Coming back on the flight from Dulles to San Diego on New Year's Day, I took out my trusty moleskine notebook and began jotting down ideas for bloggable things. It's a long flight — the first thing was yesterday's post about the differences in roads and driving on the East and West Coasts, which seemed to strike a nerve in a LOT of people… which is great. :)
I spent more time (in between bouts of dozing off — it was frakking hot on that plane) reflecting on 2006 and decided to put down a few favorites in some random categories that came to me. Note: often there might be a difference between what was favorite and what was best. For example —
Television Show. Veronica Mars. I have written and commented several times in these parts that Battlestar Galactica is the best show on tv — and honestly, I think it is. That said, I enjoyed VM more than any show this year. For the first thing, I discovered it early in '06, catching Season-2 on its repeat cycle and back-filling Season-1 when I could. This is the most smartly written show on TV, mixing mystery, personal drama, humor, pop culture references as others around here will attest to. Also, sometimes BG can be overly serious (rare smiles there, but engrossing) — this show always kept me guessing and loving every minute of it. After a somewhat slow start to Season-3, I think it has hit a good stride once again.
Film. Little Miss Sunshine. This film, unlike more polished films that were Oscar contenders and winners such as Crash, Capote, Brokeback Mountain, Syriana, and The Queen (all of which I saw in 2006 and all of which I enjoyed), was an unexpected delight. It is the simple story of a family toughing it out despite their difficulties and trying to do the right thing for their youngest daughter. Dad is trying desperately to "make it", the wife seems to be fighting with that "is this really what I want from my life" question throughout. The rest of the family is a mess or oblivious. The film is smart, quirky, insightful, and funny (painfully at times). And I'm pretty sure I can never listen to "Superfreak" in quite the same way again.
Sports Moment. Rutgers Beats Louisville. Thomas Jefferson once described New Jersey as "a barrel tapped at both ends". It was true in colonial times and still is — New Jersey relies heavily on its proximity to New York and Philadelphia for its "identity" and I think you have to be from New Jersey to really appreciate what having Rutgers be good means. For my entire life (and for the life of my parents for that matter) the Scarlet Knights have been terrible — the laughingstock of college football. A free win in the Big East. And here they were in a battle of unbeatens, downing Louisville in a great game to crack the Top 10 and take aim at the BCS. Sadly, they stumbled down the stretch and did not make the BCS, but for one night New Jersey outshined its neighbors. In a bit of redemption, they stomped K-State in the Texas Bowl 37-10 and their coach has not bolted for any "better" opportunities as might be expected.
Book. Wizard and Glass by Stephen King. In a recent post, I mistakenly identified "The Sex Lives of Cannibals" by J Maarten Troost as my favorite book of last year — then I realized I'd read it in 2005. Don't get me wrong, its great (and hysterical) but can't count for this year.
At the beginning of the year, at the prompting of a friend, I started reading the Gunslinger Series by King. I'd loved King's material in the 70s, hated most of his stuff from the 80s, and had a bit of a rekindling in the 90s starting with "The Green Mile". But this serialized epic never really got my interest, but on my friend's urging, I gave it a try. And I loved it. And to me, "W&G" is the epitome of the series — it still had the mythic tone that was a hallmark of the first books in the series before the setting became more "real". The majority of this book is actually a departure from the "main" story, filling in the backstory (previously hinted at) of the protagonist, Roland. It is full of action, intrigue, portent, love (generally not a SK strongpoint, but done well here), joy and tragedy. I've read books this year that were a lot more serious and literary, but I enjoyed this one best of all.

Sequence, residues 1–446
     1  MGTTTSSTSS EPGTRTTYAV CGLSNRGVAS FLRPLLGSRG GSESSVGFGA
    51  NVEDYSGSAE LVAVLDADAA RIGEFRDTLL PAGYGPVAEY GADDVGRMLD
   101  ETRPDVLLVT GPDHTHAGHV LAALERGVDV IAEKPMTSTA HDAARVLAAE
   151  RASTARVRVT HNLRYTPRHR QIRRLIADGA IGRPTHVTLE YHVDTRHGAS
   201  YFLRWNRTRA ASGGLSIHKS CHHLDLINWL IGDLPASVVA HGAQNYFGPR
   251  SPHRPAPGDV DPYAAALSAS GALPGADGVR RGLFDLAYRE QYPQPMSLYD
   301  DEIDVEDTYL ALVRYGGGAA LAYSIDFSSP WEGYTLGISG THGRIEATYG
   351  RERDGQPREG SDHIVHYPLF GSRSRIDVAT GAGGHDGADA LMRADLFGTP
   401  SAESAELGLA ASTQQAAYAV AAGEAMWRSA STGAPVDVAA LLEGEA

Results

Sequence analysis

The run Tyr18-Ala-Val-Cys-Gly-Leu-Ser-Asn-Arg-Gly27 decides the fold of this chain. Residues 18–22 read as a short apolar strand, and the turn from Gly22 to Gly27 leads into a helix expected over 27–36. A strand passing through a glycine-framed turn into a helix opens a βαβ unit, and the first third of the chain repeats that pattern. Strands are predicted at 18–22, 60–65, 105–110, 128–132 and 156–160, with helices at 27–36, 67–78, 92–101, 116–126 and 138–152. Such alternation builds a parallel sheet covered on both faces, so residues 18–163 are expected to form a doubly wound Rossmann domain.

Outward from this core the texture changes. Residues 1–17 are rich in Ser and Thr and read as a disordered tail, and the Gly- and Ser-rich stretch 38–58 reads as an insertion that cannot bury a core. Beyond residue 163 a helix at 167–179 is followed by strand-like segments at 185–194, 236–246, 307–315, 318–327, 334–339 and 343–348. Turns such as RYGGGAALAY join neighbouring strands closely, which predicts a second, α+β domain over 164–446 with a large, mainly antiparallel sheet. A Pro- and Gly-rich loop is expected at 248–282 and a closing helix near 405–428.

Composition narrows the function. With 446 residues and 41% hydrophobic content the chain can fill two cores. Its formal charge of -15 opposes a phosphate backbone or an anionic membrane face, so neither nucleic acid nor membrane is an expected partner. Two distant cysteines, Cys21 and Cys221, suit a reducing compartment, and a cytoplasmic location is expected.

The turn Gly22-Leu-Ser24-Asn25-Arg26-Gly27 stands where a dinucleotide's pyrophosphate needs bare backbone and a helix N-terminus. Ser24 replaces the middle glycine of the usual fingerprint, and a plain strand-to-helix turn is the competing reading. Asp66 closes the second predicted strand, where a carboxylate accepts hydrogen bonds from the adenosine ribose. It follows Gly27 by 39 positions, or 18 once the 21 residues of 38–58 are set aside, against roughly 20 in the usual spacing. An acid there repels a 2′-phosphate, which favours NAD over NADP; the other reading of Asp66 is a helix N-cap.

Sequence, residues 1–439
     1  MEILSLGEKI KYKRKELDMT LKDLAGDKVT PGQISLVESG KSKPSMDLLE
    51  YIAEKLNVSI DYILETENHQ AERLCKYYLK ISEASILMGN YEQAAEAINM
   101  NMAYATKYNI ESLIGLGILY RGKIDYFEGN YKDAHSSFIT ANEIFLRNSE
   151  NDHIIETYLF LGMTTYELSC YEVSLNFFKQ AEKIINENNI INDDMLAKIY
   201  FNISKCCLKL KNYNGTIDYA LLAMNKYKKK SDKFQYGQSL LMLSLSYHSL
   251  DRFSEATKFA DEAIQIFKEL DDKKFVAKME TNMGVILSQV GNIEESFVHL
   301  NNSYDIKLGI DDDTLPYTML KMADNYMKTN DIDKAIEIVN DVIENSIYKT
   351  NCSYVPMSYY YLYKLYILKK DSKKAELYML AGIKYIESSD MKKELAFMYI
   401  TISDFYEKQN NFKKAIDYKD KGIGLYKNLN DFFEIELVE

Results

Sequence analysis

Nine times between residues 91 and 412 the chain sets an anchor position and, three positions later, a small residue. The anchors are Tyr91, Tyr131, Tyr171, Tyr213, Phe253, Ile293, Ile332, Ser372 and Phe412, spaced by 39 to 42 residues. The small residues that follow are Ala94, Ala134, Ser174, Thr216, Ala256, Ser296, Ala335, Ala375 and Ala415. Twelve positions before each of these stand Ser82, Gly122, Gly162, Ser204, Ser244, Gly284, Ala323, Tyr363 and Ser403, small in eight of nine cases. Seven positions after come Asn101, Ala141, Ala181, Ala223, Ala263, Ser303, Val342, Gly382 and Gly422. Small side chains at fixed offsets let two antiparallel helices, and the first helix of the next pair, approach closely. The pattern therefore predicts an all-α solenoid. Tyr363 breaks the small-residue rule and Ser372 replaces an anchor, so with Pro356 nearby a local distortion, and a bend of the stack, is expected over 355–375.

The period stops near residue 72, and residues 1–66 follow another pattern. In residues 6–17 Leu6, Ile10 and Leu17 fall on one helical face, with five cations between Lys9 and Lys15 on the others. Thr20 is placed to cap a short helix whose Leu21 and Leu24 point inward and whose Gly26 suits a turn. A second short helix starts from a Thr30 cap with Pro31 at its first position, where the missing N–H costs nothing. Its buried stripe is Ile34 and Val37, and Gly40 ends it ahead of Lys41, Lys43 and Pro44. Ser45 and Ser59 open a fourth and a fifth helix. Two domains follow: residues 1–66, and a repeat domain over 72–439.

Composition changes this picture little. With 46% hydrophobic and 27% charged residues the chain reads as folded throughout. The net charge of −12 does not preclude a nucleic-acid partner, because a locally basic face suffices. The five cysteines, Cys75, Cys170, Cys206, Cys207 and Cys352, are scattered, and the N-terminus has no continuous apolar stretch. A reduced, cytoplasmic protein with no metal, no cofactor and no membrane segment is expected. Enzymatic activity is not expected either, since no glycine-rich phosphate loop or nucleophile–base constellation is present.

Vacation Moment. Grand Tetons Flower Field. After a week at a family reunion in Minnesota, we took a drive across the country to see Glacier National Park in Montana, Yellowstone National Park in Wyoming, and then finished off with Grand Teton National Park just south of Yellowstone. During the stay at Grand Teton we decided to take a tram to the top of one of the mountains and hike down. Its all downhill, so how hard can it be, right? Well, it was 14 miles downhill and quite a full day — we, uh, coulda used a little more water at times. But anyway, about a third of the way down, we came out of the treeline into a huge rolling meadow. The meadow was covered (and I mean covered!) with mostly yellow flowers (and a few of other colors). It was breathtaking. And the amazing thing was that it went on for what had to be more than a mile. We hiked in that meadow for at least 30 minutes without pause — all the time surrounded by a blanket of wildflowers — and I don't think we saw anyone else the entire time. It was completely unexpected and unriveled in my mind. The picture at left does it no justice.
Album. Plans by Death Cab For Cutie. This band was another discovery for me this year, and I really got into their albums a lot mid-year. I'm a big lyrics person and the ones here are smart and thoughtful and at times, snarky. I love the sound — a good blend between production and simplicity. My favorite song has to be "Someday (You Will Be Loved)" which is marvelously cynical. I think that the very best songs on "Transatlanticism" are better than the ones here, but overall this is the stronger CD. I'm very curious to see what they put out next.